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Talking Small Biz with WannaHavaCookie

Posted on 21 February 2012

Marisa Angebranndt from WannaHavaCookieCompany: WannaHavaCookie

Entrepreneur: Marisa Angebranndt

Location: Chicago, IL

Website: WannaHavaCookie

Facebook: WannaHavaCookie Facebook

Twitter: WannaHavaCookie Twitter

With no intentions of being an entrepreneur, Marisa Angebranndt was laid off from her executive administration job with a hedge fund and took a gamble that she could turn her baking hobby into a business. WannaHavaCookie is the outcome – a small batch bakery that specializes in creating delicious whoopie pies, as well as cookies and bars.

Marisa shares her experiences with us in this Talking Small Biz interview, and finishes with six great questions anyone considering becoming an entrepreneur should answer.

Let’s get the most burning question out of the way first – how did you come up with the name WannaHavaCookie? As a matter of fact, I do! Thank you for asking! But seriously, a company’s name is really a key piece of its marketing and, if done properly, a name will convey what a company is all about. You have nailed it with your name! How did you come up with it?

WannaHavaCookie: My husband, Mark, actually deserves the credit! In the movie Finding Nemo, there’s a scene where Nemo is initiated into the fish tank by swimming through bubbles coming out of a fake volcano. The other fish called the volcano Mount WannaHockaLoogie. Gross, right? Well, the line made both of us laugh and became a private joke of sorts. Years later, Mark remembered the joke as we were searching for a company name and came up with a few (cleaner) versions of combining words. WannaHavaCookie was also available as a website name, so it became our brand! All the letters can be confusing, so people still get caught up trying to sound it out. It’s definitely fun to see a puzzled look turn into one of recognition when they finally get it.

You never set out to be an entrepreneur. You were happily employed as an executive administrator for a hedge fund in New York City, when you suddenly found yourself out of a job as the company closed its doors. In theory, you could have found another job, but decided, instead, to open a business. What was the tipping point that pushed you in the direction of self-employment?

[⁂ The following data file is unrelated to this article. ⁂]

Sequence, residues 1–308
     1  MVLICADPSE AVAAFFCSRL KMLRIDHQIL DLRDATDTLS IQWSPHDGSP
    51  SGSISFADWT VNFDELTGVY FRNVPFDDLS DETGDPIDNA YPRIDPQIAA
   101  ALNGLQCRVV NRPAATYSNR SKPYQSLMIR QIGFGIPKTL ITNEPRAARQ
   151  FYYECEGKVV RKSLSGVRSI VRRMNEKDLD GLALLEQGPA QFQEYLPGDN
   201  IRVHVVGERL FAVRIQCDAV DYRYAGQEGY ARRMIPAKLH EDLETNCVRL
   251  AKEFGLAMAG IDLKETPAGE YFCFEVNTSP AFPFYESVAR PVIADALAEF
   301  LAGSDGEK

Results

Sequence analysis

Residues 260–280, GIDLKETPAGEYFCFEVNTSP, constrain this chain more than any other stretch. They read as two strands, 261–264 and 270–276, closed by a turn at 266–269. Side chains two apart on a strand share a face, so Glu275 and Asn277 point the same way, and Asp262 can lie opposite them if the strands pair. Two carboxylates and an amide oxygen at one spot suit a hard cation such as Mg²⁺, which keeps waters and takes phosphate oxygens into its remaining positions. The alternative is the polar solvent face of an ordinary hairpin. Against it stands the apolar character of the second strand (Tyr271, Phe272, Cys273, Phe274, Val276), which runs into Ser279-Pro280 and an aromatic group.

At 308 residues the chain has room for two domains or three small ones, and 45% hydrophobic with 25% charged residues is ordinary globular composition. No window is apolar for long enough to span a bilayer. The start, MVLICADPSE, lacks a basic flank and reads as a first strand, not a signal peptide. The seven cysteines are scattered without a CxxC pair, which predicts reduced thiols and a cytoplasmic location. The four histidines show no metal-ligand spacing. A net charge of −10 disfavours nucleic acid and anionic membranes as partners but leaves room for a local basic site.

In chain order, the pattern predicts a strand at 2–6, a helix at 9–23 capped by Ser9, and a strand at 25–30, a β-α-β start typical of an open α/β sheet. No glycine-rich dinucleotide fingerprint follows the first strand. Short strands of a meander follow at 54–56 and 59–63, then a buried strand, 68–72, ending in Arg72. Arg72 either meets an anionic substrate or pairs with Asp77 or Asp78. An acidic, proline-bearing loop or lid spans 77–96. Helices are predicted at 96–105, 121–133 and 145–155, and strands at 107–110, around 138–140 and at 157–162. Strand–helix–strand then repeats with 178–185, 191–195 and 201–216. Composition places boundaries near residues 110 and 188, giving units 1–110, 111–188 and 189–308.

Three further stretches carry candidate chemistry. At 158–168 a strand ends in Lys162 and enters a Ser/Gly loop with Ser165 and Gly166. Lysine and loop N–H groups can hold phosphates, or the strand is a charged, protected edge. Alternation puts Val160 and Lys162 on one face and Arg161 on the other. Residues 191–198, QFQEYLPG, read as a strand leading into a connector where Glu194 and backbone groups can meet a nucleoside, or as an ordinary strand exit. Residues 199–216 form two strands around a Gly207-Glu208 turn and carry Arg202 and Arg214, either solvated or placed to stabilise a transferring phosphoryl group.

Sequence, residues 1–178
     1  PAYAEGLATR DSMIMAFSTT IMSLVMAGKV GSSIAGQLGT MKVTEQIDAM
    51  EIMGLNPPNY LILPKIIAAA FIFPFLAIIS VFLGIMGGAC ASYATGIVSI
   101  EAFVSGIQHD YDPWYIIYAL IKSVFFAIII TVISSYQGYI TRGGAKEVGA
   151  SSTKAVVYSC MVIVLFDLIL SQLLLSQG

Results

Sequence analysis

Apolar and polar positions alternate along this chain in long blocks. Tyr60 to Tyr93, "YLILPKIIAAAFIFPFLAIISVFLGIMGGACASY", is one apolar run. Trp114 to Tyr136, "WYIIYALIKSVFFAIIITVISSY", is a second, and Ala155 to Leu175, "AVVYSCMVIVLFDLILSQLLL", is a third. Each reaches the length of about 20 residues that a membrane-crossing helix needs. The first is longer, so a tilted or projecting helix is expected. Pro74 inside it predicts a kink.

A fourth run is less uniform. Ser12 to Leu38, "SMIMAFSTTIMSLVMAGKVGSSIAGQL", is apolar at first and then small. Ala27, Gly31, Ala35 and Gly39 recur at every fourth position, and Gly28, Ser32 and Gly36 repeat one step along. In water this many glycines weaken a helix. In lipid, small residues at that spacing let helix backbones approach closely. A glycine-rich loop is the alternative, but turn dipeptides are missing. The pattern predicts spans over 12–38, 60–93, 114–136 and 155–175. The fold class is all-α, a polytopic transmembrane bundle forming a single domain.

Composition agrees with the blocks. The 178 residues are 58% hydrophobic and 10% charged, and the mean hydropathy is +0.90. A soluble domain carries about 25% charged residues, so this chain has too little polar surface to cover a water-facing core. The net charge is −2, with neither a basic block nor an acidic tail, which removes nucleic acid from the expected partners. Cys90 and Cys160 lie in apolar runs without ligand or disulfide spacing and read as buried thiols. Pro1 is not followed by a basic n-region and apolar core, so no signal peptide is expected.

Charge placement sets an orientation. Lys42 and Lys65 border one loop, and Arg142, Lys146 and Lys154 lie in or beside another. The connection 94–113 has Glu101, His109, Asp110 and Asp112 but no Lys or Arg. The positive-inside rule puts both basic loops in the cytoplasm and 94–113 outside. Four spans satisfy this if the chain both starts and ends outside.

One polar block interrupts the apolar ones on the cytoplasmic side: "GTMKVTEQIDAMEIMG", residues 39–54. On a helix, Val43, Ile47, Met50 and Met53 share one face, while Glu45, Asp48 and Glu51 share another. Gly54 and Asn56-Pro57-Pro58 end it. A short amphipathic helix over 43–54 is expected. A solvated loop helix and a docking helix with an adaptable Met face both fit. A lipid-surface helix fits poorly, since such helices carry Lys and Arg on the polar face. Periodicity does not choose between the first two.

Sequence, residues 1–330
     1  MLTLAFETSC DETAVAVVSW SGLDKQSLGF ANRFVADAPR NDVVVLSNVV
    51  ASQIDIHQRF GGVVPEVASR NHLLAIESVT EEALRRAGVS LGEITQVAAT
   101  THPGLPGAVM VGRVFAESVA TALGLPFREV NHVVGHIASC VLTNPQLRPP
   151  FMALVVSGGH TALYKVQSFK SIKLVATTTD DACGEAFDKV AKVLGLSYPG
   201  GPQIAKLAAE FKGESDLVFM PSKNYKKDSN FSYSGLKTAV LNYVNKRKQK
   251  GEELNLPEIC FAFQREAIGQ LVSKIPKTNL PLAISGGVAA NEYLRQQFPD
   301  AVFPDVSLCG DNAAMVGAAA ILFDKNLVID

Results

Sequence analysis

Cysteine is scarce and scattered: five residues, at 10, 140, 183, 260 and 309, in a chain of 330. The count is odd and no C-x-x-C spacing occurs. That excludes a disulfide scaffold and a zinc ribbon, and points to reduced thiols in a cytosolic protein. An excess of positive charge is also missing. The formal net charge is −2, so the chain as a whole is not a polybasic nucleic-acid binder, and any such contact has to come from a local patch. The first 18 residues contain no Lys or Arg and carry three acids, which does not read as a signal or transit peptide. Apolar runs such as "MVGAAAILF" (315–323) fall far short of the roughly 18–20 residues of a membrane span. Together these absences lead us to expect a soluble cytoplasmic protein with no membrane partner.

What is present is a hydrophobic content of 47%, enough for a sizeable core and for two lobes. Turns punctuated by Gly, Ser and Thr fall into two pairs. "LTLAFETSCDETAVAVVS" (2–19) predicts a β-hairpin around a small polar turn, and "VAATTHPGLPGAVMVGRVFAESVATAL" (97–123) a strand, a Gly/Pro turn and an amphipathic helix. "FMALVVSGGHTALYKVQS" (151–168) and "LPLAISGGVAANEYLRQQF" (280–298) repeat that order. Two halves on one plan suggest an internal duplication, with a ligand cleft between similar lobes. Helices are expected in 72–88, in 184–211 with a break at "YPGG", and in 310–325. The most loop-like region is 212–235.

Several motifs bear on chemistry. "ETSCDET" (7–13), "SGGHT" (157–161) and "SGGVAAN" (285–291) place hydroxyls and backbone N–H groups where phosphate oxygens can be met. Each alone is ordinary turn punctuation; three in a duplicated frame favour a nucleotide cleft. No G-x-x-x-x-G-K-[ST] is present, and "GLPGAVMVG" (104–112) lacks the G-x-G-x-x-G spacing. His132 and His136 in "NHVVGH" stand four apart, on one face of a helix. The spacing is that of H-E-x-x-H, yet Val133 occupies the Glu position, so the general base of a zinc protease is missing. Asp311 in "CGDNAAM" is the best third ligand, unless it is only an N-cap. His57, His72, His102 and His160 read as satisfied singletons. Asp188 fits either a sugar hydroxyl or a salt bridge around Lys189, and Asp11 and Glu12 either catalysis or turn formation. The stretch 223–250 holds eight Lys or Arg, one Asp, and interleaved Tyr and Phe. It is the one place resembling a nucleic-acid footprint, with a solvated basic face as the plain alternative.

WannaHavaCookie: When I got laid off, I had been working for about ten years. I knew my next step would define my career, whatever it was. I really enjoyed my work as an executive administrator, but there was also a big question of “what if…?” always hanging in the air. My baking hobby was also very well established by this point, culminating in homemade gift baskets of goodies to friends who would always encourage me to start my own baking business. I agreed in theory, but Mark became my catalyst. With his encouragement (and paycheck – let’s be honest!), I was able to venture into entrepreneurship as a calculated risk. My “what if” question could be answered and, regardless of the outcome, we would at least know that we tried something extraordinary.

Below video is from 2009, when WannaHavaCookie was stil in New York. Video courtesy Lisa Waananen and Nathan Ehrlich.

You started the company by selling online and through word of mouth. After being in business for almost two years, you decided to open up a brick and mortar store, only to close it after one year. Why are you no longer selling through a retail location? Tell us a bit about that experience.